Cyber Scares

Creepypastas breed a new generation of terror

By Colin Hickson, Staff Writer

From the stories of Christopher Pike, like “Tales of Terror”, to the films of Alfred Hitchcock,

such as “Psycho” or “the Birds”, the horror genre can find a multitude of ways to scare people in

any creative way imaginable. But now, horror has a new face in the form of Creepypastas.

Creepypastas are online ghost stories which can be either grounded in reality, such as the vastly

disturbing “1999”, or totally fantastic like the super eerie “The Strangest Security Tape I’ve Ever

Seen”. These stories have generated such modern day myths and monsters such as the Slender

Man, a supernatural creature who has existed for centuries and Jeff the Killer, a psychopath with

a Joker-like face, each with their own lore and modus operandi. But unlike the stories in

“Goosebumps” or ‘Are You Afraid of the Dark?”, these stories are capable of being extremely

morbid, and often will not hold back on the blood and gore.

So how does one make a Creepypasta? Well, here is an example of a popular one, “Candle

Cove”: A group of people in an online forum begin talking about a series from the seventies

called “Candle Cove”, a low-budget puppet show about pirates. But as the discussion continues,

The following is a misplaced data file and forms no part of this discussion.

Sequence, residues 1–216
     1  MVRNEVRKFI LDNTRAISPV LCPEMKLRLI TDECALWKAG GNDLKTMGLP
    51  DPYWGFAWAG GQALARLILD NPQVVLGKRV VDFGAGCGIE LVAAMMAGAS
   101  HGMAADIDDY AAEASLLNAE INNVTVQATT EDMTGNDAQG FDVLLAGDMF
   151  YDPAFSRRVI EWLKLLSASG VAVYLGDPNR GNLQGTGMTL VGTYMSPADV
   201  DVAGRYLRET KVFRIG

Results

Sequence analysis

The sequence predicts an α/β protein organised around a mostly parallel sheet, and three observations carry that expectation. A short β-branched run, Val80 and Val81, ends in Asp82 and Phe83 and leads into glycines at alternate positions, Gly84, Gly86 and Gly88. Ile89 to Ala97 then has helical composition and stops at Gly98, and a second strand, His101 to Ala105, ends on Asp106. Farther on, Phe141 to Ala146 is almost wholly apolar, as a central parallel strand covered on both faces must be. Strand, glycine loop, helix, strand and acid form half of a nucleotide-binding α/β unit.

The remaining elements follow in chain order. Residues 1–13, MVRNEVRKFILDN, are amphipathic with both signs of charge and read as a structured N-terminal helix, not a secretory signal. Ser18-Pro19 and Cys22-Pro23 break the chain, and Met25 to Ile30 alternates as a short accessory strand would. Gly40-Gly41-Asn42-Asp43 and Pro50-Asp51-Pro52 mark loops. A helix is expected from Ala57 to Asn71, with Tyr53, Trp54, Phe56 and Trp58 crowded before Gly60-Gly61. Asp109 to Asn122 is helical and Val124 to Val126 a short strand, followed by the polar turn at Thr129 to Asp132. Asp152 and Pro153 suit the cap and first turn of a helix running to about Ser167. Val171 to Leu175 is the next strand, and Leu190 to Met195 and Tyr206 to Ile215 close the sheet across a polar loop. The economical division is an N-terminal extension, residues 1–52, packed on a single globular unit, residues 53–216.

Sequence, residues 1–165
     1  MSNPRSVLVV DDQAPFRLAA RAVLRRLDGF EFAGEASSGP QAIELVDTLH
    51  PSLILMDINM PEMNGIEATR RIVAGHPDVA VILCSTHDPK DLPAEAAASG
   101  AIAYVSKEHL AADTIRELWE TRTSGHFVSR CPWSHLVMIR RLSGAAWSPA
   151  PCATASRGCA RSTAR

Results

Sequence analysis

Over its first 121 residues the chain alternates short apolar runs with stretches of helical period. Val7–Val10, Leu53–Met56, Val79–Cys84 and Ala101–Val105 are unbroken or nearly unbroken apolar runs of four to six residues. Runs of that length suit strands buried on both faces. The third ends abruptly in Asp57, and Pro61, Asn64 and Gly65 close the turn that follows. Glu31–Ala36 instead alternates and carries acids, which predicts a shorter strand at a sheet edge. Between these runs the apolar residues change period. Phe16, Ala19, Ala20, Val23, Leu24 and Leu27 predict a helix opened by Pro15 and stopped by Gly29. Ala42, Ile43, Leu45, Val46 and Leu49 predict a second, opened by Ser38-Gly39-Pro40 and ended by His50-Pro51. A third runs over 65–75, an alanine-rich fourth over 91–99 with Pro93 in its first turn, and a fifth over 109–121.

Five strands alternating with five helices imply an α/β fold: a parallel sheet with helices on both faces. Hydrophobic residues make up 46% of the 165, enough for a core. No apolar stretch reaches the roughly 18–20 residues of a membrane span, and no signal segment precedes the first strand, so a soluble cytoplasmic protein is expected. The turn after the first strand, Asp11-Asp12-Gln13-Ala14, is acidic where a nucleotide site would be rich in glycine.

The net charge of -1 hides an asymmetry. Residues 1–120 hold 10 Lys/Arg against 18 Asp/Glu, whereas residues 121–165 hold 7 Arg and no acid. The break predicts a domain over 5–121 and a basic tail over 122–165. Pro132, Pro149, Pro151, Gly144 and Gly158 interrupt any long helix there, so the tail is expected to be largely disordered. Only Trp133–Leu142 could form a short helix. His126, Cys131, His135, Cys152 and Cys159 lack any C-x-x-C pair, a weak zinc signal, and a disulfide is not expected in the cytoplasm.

memories of the show’s controversial main villain, the Skintaker, who wore clothes made of

children’s skin, and the nightmare inducing final episode, which had nothing but the characters

screaming, began to resurface. Finally, one user asks his mother if she remembers the show. She

is surprised he can actually remember it, because as the mother puts it, whenever he said he was

watching “Candle Cove”, all he would watch was dead air for thirty minutes, and the mother

assumed he was imaging the whole thing.

That story is basically how a Creepypasta works. The writer takes a specific item, show, or game

and makes a horror story out of it. Among the most recurring are lost episodes, which involve

very morbid lost episodes of TV shows (i.e. “Squidward’s Suicide” and “Dead Bart”), video

game hacks that can be natural or supernatural, journals, blogs, etc. Naturally, not all

Creepypastas will invoke terror in people, but rather laughter or annoyance due to poor writing,

laughable situations, or being just plain lousy stories featuring established characters. Some

pastas have even achieved mainstream popularity, going so far as to get turned into video games

and even getting an “American Horror Story” styled TV series, titles “Channel Zero”. In fact, the

2012 horror novel “Penpal” started off as a series of Reddit posts created by the novel’s author,

Dathan Auerbach. There are even some YouTube channels dedicated to reading these stories,

most notably someordinarygamers and Mr.CreepyPasta, which are worth some looks for those

curious about these stories, and might want to get into them.

In an era of iPhones and Reddit, it is good to know that people are using the Internet to spread

new forms of terror, and maybe inspiring up and comers to join in on the fun. Just be careful

reading these stories after dark. Some of them could be true…